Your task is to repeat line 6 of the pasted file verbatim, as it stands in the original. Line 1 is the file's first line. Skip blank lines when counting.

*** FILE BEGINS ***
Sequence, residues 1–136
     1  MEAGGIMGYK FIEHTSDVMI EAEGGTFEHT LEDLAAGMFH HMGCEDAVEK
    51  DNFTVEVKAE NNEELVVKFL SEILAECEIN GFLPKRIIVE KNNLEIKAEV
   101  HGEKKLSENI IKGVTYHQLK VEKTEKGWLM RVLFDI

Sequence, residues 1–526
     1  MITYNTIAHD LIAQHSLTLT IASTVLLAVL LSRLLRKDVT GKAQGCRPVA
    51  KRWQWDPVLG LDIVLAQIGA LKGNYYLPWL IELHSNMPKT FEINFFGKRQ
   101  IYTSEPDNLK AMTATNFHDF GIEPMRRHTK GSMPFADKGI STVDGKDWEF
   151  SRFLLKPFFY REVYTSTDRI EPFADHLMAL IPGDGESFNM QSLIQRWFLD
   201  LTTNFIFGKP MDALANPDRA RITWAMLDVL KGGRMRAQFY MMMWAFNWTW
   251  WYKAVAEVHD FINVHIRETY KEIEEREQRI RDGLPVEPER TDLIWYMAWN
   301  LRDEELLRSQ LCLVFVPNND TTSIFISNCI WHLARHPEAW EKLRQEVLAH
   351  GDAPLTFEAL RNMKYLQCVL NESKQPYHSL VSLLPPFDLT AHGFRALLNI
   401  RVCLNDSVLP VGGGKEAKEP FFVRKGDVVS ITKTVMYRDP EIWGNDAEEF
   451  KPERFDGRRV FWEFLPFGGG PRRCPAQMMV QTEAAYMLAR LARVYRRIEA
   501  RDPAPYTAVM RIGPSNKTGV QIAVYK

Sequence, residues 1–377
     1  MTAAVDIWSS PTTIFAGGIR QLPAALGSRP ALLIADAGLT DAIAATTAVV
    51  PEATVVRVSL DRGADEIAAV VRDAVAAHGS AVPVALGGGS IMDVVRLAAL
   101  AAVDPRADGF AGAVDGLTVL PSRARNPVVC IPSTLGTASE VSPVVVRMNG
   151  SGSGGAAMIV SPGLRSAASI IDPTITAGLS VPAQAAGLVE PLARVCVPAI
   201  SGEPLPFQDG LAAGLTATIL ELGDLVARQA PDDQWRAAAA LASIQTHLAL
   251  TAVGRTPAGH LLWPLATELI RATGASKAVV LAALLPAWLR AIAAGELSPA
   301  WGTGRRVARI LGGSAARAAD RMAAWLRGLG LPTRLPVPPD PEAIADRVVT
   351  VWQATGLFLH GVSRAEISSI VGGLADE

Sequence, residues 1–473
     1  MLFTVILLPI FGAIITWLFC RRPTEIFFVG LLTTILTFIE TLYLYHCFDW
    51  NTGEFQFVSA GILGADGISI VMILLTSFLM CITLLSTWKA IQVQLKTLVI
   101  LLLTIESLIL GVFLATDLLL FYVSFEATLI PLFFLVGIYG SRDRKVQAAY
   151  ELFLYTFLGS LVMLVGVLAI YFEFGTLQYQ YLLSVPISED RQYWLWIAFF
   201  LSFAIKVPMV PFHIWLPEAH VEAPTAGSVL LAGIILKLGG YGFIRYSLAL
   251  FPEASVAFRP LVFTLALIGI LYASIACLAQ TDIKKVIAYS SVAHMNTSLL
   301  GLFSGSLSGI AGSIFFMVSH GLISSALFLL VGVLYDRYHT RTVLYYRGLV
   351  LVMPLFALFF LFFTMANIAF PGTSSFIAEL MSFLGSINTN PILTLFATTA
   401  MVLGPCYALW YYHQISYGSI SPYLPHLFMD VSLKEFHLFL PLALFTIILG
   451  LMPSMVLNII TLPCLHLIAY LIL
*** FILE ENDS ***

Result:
     1  MITYNTIAHD LIAQHSLTLT IASTVLLAVL LSRLLRKDVT GKAQGCRPVA